Adding more detail into her compositions isn’t entirely new, though. Ai Lei began moving in this direction in her last exhibition, where the female subject was showcased in interior spaces.[1]In that body of work, the Lolitaesque quality was distinct and her young female subject spoke of daydreams, the idle passing of time, and the idyllic passage of a carefree youth. Today’s series, P!NK, carries many of these qualities, but Ai Lei has also injected a more thoughtful commentary about life into this series. “My recent works are about the anxiety of modern man, the pressure of work, and mixed feelings, which cause us to want to escape away from the bustle of society, so that we can temporarily forget our troubles,” she explains.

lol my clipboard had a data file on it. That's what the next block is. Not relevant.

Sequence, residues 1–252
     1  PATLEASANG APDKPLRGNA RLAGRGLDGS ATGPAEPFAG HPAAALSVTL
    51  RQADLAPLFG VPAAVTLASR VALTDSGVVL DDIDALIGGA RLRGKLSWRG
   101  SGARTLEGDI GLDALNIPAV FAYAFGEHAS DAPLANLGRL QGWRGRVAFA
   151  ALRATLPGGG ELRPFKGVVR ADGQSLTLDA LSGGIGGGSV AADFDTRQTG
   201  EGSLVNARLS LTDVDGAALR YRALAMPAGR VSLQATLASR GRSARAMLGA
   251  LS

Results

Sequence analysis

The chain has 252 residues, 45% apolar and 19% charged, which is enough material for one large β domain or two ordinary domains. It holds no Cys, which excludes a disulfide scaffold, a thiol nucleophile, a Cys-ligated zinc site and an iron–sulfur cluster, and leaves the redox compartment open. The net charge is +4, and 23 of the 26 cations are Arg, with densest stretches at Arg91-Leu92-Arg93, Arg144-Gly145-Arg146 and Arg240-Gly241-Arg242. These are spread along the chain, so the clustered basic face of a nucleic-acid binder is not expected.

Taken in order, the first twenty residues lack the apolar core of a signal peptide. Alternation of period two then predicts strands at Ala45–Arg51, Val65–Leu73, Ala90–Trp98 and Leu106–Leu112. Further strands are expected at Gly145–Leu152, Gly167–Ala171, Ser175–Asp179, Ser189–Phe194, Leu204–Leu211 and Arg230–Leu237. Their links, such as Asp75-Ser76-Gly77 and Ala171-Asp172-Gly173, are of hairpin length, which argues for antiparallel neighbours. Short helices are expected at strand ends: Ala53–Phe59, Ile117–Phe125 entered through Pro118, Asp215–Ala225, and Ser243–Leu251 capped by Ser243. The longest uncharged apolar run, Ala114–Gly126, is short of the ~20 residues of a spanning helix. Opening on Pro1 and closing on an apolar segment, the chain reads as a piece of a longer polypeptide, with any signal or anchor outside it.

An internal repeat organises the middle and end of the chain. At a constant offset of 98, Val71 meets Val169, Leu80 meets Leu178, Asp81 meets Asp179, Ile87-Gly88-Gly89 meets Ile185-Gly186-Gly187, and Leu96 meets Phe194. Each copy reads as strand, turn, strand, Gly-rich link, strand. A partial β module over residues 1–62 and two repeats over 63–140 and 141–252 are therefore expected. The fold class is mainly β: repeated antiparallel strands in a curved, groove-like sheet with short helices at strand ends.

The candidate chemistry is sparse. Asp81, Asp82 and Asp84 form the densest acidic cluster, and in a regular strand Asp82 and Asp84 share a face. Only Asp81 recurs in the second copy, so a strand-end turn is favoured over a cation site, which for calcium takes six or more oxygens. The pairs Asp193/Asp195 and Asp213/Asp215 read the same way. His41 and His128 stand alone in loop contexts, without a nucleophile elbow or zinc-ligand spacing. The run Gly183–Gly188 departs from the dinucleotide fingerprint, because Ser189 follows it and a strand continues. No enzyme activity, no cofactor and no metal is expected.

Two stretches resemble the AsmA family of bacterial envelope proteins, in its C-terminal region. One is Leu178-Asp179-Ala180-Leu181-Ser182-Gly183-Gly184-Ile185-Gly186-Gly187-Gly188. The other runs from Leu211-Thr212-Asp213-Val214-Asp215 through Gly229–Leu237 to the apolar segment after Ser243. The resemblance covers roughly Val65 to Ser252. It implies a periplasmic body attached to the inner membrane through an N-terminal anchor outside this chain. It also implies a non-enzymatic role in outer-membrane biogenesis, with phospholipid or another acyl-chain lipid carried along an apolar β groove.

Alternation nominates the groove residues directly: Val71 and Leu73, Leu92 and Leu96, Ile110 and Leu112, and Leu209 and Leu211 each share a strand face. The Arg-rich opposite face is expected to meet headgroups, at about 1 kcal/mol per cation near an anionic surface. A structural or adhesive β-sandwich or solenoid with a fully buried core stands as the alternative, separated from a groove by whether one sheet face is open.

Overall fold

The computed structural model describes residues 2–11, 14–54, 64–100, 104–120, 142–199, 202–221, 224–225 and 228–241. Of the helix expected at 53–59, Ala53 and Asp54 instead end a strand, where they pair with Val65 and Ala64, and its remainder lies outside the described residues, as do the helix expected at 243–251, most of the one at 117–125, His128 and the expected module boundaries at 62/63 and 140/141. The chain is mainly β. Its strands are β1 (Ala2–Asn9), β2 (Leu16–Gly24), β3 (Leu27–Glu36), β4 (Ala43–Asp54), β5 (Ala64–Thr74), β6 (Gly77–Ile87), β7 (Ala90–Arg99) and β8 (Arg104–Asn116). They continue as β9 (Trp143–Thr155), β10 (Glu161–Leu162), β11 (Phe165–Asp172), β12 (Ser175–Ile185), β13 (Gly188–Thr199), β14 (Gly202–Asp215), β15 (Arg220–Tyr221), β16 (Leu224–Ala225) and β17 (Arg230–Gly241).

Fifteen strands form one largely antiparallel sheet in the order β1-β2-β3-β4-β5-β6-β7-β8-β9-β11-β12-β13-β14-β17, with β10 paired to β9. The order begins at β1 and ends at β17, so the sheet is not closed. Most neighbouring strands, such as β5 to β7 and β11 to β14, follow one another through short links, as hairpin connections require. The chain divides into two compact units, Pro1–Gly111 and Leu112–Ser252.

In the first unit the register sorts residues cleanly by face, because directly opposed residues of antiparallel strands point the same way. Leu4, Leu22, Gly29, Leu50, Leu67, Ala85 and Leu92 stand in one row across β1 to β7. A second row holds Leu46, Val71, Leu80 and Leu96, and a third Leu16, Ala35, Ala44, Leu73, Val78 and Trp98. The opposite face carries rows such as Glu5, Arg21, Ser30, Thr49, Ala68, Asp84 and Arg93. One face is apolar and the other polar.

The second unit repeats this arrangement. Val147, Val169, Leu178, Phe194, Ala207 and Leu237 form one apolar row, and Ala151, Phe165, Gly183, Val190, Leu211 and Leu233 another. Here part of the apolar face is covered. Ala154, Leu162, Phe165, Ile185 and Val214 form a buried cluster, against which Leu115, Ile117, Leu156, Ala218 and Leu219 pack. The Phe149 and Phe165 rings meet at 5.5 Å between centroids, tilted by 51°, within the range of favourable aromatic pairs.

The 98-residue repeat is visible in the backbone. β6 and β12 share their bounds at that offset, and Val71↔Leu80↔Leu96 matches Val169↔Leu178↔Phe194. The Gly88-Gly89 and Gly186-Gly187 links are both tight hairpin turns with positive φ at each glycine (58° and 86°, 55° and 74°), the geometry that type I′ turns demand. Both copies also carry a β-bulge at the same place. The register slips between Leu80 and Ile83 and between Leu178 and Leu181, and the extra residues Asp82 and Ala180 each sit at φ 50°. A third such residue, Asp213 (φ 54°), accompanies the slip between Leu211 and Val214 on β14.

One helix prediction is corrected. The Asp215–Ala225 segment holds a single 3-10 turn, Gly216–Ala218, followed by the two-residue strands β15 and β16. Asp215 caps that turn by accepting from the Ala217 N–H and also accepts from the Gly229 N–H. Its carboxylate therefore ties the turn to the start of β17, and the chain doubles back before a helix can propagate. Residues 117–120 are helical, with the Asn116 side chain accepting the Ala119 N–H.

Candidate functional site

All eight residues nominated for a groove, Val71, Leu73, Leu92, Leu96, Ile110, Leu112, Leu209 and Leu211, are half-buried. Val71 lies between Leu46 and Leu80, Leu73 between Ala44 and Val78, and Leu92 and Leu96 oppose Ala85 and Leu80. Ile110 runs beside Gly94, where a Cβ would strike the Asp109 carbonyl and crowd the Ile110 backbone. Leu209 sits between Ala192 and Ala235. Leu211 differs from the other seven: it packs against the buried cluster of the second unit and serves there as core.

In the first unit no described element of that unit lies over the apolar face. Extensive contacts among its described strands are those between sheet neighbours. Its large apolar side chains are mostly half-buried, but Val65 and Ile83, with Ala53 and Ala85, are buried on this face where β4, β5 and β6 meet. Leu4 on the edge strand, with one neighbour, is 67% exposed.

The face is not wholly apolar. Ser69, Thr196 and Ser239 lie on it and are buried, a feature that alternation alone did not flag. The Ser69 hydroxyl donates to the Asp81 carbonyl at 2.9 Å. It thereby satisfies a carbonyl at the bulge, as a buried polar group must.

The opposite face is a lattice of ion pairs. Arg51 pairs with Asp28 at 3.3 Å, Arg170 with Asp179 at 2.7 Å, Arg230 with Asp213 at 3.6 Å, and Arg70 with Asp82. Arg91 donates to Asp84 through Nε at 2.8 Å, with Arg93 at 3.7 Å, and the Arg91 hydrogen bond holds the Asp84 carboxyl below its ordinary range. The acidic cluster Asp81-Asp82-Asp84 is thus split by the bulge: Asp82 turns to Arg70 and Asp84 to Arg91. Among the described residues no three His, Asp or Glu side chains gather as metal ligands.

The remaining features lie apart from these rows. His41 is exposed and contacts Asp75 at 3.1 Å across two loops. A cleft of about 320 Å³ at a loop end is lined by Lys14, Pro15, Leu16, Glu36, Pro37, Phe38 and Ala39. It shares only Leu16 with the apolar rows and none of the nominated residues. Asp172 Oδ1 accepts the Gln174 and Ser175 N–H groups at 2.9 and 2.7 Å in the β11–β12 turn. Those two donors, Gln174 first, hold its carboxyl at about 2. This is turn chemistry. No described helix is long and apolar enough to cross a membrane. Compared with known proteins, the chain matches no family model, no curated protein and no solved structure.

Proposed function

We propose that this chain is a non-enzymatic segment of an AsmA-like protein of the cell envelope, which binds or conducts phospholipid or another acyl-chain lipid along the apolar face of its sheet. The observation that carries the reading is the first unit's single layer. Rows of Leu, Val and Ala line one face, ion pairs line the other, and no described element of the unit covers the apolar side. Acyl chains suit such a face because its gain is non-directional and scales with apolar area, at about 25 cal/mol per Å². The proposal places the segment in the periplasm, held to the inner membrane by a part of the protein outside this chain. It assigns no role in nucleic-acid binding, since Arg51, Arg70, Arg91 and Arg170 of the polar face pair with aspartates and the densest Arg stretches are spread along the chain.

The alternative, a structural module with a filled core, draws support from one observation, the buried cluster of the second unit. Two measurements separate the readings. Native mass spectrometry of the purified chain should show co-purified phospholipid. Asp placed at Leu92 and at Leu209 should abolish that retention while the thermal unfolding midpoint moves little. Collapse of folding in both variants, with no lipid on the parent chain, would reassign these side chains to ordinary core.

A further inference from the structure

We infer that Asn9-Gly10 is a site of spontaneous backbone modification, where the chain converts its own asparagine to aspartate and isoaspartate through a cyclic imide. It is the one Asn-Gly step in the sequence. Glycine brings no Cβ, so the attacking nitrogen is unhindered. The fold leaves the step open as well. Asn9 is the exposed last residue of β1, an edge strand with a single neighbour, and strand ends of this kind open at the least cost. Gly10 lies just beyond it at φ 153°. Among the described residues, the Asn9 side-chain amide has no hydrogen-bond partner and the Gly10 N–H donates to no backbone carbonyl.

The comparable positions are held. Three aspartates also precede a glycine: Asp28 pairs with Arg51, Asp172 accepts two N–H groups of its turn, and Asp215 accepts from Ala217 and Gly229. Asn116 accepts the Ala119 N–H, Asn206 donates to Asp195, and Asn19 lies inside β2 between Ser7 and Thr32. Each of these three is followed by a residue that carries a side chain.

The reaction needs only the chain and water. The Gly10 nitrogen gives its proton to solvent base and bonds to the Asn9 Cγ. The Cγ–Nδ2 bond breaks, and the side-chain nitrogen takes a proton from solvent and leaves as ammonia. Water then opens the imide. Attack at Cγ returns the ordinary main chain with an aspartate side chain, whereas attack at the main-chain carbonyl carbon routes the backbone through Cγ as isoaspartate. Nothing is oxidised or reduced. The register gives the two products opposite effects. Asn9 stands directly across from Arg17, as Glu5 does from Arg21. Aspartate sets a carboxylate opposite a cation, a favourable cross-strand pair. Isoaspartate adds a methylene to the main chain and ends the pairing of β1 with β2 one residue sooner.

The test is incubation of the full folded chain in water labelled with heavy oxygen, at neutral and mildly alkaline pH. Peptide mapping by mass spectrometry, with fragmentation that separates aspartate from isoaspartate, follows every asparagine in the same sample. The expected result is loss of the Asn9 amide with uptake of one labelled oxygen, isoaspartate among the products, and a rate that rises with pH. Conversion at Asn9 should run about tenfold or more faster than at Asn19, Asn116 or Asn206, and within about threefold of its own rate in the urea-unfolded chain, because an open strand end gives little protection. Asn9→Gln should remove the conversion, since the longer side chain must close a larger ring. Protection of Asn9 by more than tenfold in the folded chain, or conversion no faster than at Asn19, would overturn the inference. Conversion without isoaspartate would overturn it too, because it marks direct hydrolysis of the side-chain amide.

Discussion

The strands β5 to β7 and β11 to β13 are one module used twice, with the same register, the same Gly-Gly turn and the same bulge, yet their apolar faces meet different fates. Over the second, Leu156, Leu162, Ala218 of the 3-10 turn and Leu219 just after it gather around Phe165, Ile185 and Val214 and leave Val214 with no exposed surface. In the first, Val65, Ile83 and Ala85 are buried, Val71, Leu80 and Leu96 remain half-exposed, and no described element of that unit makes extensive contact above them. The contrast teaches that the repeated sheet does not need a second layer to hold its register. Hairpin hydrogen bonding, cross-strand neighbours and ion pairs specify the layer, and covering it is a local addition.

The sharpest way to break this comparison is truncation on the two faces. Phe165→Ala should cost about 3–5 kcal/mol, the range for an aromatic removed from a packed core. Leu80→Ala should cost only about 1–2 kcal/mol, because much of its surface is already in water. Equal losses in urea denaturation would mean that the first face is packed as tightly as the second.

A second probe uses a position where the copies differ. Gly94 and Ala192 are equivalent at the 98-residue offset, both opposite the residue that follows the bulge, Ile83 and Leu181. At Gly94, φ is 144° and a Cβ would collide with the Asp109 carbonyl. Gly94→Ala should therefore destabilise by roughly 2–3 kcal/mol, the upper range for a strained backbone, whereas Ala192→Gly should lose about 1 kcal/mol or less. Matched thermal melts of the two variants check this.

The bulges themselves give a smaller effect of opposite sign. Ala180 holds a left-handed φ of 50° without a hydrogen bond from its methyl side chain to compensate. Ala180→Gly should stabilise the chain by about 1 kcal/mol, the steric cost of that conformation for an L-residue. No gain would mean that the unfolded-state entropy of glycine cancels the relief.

Indeed, this predicament is all too familiar for most of us. We struggle to juggle responsibilities at home and in our professional lives and even artists are not spared in this scenario, withmany facing mounting pressure to churn out works at the speed of light and to compete in an increasingly competitive and global art market.Ai Lei laments this change, it seems, and speaks directly about the very situation that Millennials or the Gen Y face. Born into a rapid world, where things change and information transfers faster than the blink of an eye, their time ahead is marked by a resounding pressure to maintain balance in their lives, and to grapple with newfound platforms like Social Media, which encapsulates so much of daily existence today.